France, Japan, and New Zealand record burst of Emotet activity

Emotet Activity Burst
Written by Emma Davis

Law enforcement officials from France, Japan and New Zealand warn that Emotet activity surged in the last week, with sharply rising number of attacks targeting their countries.

The fact is that the number of spam emails originating from the Emotet infrastructure and targeting companies and government agencies in these three countries has indeed significantly increased.

Emotet activity described in the alerts refers to email spam campaigns that originated from Emotet infrastructure and targeted companies and government agencies in the three countries. Victim organizations who received the emails, opened, and then ran the attached documents were at risk of getting infected with one of today’s most dangerous malware”, — write ZDNet journalists.

Joseph Rosen, one of the enthusiasts of the Cryptolaemus group, which includes more than 20 cybersecurity specialists from around the world, united in 2018 for a common goal – to combat Emotet malware, confirmed to ZDNet that attacks on the aforementioned countries have indeed increased.

Rosen said that Emotet operators have begun to actively attack New Zealand and most of the malicious emails come from E3 (one of three mini-botnets included in the Emotet infrastructure). At the same time, all three botnets (E1, E2 and E3) also attacked Japan. These waves of spam have tripled the number of Emotet detections in the country, according to a local CERT.

Emotet Activity Burst

CERT Japan data

While the number of attacks targeting France was significantly lower, there Emotet managed to infect computers of the Parisian judicial system, get on the headlines and caused a stir that resulted in a warning issued by the authorities.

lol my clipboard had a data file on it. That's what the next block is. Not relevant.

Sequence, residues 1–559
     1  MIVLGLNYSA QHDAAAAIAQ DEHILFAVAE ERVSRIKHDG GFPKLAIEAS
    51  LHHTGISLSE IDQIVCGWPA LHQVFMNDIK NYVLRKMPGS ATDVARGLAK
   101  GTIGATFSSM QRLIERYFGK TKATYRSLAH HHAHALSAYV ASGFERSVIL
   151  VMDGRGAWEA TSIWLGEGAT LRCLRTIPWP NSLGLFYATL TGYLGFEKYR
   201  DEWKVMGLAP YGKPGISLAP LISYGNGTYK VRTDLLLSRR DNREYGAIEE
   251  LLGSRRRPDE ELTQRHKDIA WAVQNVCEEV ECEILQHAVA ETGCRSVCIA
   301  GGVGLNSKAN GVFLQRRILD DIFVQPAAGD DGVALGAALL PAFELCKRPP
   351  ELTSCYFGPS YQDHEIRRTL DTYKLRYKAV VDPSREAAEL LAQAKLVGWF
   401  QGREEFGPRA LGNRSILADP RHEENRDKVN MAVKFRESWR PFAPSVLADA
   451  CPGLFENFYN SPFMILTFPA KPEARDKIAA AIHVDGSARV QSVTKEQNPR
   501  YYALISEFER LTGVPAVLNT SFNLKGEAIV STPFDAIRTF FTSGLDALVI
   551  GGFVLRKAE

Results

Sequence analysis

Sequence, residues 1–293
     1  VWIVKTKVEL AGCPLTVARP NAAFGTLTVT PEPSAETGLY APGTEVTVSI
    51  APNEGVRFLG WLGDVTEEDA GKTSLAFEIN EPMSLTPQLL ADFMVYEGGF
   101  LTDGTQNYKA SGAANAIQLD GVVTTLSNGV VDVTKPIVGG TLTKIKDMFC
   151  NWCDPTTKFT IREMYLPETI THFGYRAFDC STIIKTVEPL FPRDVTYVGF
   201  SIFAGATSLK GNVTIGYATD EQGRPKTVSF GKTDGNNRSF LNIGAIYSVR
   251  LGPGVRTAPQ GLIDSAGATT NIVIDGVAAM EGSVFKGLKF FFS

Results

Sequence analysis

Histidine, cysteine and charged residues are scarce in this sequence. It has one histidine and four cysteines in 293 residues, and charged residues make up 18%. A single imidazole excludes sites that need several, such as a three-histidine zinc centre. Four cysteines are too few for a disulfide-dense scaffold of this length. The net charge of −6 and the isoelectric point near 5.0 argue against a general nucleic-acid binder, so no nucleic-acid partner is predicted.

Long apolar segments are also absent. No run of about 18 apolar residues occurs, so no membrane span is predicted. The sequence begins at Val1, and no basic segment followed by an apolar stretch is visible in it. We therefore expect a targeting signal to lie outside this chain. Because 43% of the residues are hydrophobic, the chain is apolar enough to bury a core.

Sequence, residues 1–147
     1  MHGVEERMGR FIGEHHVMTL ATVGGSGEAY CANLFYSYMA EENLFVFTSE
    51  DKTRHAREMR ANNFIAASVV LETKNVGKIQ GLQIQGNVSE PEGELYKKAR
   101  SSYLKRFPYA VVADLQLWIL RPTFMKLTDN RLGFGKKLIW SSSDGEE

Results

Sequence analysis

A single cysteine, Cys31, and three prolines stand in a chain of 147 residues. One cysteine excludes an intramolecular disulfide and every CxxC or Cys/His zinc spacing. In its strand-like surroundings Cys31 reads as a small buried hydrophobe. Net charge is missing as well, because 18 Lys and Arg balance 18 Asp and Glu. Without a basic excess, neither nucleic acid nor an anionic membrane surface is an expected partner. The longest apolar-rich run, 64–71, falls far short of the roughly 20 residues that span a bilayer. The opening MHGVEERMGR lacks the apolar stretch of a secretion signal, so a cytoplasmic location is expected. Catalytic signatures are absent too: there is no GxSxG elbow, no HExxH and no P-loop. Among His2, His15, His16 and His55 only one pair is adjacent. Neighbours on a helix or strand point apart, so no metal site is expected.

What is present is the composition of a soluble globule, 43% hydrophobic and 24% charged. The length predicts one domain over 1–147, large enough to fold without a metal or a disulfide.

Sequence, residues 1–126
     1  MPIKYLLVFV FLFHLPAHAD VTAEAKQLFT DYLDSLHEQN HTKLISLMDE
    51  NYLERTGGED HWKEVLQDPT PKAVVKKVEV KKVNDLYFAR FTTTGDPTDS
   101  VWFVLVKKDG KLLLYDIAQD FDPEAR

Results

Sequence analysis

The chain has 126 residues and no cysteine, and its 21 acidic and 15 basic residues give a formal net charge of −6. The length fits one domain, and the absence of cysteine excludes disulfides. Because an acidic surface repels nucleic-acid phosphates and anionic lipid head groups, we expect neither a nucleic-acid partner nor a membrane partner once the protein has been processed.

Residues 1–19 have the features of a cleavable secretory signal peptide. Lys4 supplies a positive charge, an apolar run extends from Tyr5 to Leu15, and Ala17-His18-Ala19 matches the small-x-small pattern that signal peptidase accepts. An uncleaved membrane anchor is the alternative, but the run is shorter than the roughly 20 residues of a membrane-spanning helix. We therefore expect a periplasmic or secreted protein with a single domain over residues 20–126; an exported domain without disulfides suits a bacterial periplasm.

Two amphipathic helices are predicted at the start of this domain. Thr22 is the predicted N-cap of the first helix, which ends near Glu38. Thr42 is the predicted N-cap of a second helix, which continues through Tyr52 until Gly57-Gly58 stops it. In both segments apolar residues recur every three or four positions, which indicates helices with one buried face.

The French Interior Ministry reacted by blocking all Office documents (.doc) from being delivered via email, and France’s cyber-security agency ANSSI followed through with an official cyber-security alert on Monday, urging government agencies to pay attention to the emails they’re opening”, — reports ZDNet.

According to government reports, attacks in all three countries followed the same scenario. Emotet operators infected one victim and then stole their old email threads. The hackers resumed these old conversations by adding malicious attachments (usually .doc files and password-protected ZIP archives) and attacking other users, who usually opened the files out of curiosity.

Security experts believe that at some point Emotet will switch targeting on attacking users from other countries, since, according to cybersecurity company Proofpoint, the botnet can send spam in several languages.

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About the author

Emma Davis

I'm writer and content manager (a short time ago completed a bachelor degree in Marketing from the Gustavus Adolphus College). For now, I have a deep drive to study cyber security.

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